Then people grew old and died, businesses and factories closed, and children moved away. The emptied buildings were sold to out-of-town investors who saw a market in renting to students.

“They packed the houses full of students, and never put a dime into the infrastructure,” DeLair says. “Many of those houses were torn down or are still in such poor condition that they’re safety hazards.”

But since Rensselaer, the city, businesses, and the neighborhood associations have worked more closely together in the past few years, many buildings have been brought to code. That by itself, neighbors say, has made a difference in how students treat the neighborhoods.

“Houses were dumps and, as a result, the students treated where they lived as dumps,” says Gerri FitzGerald, who co-owns four buildings with DeLair. “But that is changing.”

To improve the quality and quantity of the off-campus housing options for students, Rensselaer is developing relationships with landlords such as DeLair and FitzGerald through the Landlord Training Program, which the university hosts on campus four times a year.

The free, four-hour session—developed by the city administration, local police, residents, and various local organizations—teaches landlords about tenant selection, building codes, security, and legal rights of landlords and tenants.

Rensselaer also is developing a tenant resource program for students. The program includes a Web site listing available apartments and rooms, information on parking and how to choose a neighborhood, and information for students to identify building code violations.

“The program is a way for the university to encourage landlords to maintain apartments at high standards. In addition, we’ll be able to educate our students about their rights and responsibilities as tenants,” says Rick Hartt ’70, director of the Rensselaer Union.

“It’s one more step toward improving the student experience,” says Lisa Trahan, dean of the first-year experience. “Most graduates and transfers—especially those coming from other countries—are not able to pursue housing until they arrive on campus in late August. They need help during their transition in finding good, affordable living space to provide them with a good foundation in pursuing their education.”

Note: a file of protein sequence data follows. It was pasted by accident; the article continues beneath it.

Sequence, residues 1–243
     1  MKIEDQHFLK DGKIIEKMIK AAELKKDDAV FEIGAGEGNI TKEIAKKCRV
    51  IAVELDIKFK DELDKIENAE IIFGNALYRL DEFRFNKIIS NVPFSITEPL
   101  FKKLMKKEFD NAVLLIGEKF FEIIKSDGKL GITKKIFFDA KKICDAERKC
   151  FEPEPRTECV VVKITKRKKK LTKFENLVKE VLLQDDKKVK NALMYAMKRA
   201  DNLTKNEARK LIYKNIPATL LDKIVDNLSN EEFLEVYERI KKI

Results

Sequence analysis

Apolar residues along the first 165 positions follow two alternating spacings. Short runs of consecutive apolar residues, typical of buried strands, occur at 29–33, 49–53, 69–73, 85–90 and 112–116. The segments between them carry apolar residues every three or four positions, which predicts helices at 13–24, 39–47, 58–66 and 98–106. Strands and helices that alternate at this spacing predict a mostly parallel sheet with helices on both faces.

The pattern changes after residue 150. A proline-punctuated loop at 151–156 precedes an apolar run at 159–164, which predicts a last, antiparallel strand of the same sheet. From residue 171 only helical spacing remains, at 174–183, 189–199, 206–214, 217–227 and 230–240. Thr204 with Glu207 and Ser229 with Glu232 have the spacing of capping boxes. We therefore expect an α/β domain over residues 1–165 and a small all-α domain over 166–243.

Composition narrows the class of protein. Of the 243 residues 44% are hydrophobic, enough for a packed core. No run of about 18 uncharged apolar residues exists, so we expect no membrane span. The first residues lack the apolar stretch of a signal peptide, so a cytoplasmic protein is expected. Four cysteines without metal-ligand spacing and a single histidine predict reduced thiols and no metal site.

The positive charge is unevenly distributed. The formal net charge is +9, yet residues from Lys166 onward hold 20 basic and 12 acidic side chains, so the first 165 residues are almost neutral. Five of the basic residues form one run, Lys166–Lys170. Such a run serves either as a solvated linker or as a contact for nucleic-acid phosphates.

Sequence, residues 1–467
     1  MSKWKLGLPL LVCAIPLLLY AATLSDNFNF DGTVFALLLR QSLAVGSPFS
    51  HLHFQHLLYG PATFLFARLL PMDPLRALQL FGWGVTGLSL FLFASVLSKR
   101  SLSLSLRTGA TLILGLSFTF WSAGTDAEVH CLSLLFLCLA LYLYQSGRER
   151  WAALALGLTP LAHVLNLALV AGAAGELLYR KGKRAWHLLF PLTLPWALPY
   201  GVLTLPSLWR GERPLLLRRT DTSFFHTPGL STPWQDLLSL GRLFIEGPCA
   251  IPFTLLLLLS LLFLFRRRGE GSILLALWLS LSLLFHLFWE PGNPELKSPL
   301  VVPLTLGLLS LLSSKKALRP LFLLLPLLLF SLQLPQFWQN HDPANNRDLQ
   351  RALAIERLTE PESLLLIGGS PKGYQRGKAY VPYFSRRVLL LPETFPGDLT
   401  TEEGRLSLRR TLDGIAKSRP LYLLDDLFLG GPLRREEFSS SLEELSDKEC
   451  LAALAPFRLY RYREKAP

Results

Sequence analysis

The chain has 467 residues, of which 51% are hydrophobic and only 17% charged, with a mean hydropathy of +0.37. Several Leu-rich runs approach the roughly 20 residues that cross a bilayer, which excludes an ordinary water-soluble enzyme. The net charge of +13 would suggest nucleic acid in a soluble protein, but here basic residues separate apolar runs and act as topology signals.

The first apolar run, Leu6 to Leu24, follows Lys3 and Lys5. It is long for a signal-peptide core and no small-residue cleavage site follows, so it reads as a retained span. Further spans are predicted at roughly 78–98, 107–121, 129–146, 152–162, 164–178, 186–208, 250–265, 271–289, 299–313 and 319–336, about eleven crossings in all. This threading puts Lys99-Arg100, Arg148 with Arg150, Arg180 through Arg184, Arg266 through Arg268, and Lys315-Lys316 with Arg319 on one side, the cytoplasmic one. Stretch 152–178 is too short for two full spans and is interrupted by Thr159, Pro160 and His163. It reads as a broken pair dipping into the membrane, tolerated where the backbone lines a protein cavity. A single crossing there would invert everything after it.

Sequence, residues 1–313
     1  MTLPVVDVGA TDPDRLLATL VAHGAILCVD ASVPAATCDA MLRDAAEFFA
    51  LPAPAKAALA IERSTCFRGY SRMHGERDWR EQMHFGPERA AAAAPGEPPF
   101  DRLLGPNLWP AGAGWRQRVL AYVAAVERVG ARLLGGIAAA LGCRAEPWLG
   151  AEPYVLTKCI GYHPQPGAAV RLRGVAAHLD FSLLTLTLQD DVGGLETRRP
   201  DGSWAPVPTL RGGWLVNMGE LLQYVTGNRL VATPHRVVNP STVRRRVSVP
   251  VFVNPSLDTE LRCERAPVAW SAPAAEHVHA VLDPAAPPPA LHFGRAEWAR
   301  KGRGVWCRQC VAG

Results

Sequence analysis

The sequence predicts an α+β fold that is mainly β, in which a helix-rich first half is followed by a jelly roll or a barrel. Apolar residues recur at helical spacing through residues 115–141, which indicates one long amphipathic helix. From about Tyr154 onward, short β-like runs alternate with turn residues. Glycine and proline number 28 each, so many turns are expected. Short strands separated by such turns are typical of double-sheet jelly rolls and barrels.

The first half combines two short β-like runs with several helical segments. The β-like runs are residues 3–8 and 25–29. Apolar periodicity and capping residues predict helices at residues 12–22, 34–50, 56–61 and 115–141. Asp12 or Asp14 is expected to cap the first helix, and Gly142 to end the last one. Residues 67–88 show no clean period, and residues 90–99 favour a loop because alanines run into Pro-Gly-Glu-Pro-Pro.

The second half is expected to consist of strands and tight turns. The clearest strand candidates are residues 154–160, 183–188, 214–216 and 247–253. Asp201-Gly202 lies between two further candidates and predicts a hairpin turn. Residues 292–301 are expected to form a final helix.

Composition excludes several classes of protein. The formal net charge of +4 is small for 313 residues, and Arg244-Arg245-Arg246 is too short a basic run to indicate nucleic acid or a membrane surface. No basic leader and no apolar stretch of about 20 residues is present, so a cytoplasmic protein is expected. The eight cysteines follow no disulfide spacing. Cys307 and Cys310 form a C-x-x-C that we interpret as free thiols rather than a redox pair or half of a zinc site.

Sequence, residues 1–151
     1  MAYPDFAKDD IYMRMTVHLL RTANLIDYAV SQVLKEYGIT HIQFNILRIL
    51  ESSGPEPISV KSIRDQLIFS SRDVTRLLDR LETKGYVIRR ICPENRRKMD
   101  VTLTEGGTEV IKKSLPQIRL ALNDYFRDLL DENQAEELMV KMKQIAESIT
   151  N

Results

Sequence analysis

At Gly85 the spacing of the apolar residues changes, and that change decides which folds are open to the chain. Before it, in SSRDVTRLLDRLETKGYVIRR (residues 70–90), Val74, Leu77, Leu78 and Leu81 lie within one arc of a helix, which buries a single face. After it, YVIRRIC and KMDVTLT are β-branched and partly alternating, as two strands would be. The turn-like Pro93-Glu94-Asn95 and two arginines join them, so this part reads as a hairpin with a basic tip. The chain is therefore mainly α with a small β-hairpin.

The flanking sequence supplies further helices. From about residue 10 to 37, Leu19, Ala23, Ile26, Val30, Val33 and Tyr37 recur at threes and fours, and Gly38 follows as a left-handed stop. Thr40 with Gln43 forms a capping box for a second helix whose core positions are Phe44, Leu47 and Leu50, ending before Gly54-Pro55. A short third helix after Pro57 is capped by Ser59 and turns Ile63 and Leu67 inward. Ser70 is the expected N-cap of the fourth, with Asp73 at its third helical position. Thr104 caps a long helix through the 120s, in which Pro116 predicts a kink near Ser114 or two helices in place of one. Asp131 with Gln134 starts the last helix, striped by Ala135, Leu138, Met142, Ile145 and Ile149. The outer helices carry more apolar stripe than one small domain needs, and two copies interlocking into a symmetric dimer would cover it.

About 2,900 full-time students—half of the undergraduate body and 95 percent of all graduate students—live off campus.

Building an Economic Engine

Rensselaer is undergoing unprecedented expansion. The university broke ground this spring for its 218,000-square-foot Center for Biotechnology and Interdisciplinary Studies. In addition, plans for the 160,000-square-foot experimental media and performing arts center are moving forward.

Many community members are welcoming the campus expansion as a way to economic growth. Rensselaer is the largest employer in Rensselaer County and the 14th largest private-sector employer in the Capital Region.

“Rensselaer has gone—and is going—through tremendous change and we hope that growth and vitality can fuel a systemic change in the fabric of the city, not just a cosmetic change on the edge of campus,” Nelson says.

“Rensselaer is realizing that to transform itself, it needs to help transform the city. We need to work together, and I think we’re rising to that challenge,” says Lynn Kopka, city policy analyst for Troy and president of the Washington Park Association.

“The campus is growing, and is attracting first-rate students, faculty, and employees,” Kopka adds. “That means the neighborhood associations really need to work hard to get those people to live here and encourage businesses to establish themselves here. Rensselaer is an economic engine and we need to get on board.”

Building Communication

An important goal in Rensselaer’s neighborhood renewal efforts is to keep the community apprised of campus developments and to address neighborhood concerns head-on.
To help meet this end, Rensselaer hired a director of community relations, Allison Newman, whose overall responsibility is to enhance community partnership programs and expand local outreach efforts (see, also, Focus on Allison Newman).

Newman already has developed a public information plan for the Institute’s ongoing construction and development projects. The plan is centered on issues relating to campus infrastructure, and maintaining a high quality of life for students, staff, faculty, and the surrounding community. It includes a series of monthly public meetings, a newly created Web site, telephone and e-mail hotlines, and a monthly neighborhood bulletin mailed to 1,800 residents, businesses, and students.

Newman also is working with local businesses and the city to establish Rensselaer’s role in Troy’s economic sustainability. The university, for instance, plans as much as possible to use local contractors for a wide range of products, from paper products to office furniture to florists, Newman says.

“We are implementing a neighbor-of-choice strategy,” Newman says. “We want people to say, ‘I want to live next to Rensselaer Polytechnic Institute.’ ” 


Rensselaer Magazine: September 2002
President's View Your Mail From the Archives Hawk Talk Class Notes Features
Front Page At Rensselaer Milestones
In Memoriam Making a Difference Staying Connected